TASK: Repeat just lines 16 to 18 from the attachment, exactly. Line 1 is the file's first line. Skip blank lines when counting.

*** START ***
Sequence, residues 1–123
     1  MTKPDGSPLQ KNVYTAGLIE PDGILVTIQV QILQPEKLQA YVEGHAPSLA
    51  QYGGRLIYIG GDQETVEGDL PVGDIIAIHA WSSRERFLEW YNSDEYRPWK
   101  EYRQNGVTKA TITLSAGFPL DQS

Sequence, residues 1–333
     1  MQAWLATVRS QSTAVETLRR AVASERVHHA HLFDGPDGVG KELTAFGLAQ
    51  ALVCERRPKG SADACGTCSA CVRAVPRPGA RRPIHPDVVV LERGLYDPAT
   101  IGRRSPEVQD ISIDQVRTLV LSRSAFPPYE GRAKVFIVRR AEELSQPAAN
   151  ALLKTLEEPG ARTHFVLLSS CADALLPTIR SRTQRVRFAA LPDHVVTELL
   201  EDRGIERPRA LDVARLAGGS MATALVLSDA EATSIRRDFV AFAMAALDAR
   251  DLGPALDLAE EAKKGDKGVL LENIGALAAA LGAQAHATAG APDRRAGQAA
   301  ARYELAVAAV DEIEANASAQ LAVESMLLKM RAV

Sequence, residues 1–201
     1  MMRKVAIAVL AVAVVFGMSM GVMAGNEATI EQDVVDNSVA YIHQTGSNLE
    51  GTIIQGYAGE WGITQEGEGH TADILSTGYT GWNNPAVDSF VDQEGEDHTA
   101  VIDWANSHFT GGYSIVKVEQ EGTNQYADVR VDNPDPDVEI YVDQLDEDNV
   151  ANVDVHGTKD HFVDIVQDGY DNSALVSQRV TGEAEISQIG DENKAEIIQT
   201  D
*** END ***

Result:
   101  VIDWANSHFT GGYSIVKVEQ EGTNQYADVR VDNPDPDVEI YVDQLDEDNV
   151  ANVDVHGTKD HFVDIVQDGY DNSALVSQRV TGEAEISQIG DENKAEIIQT
   201  D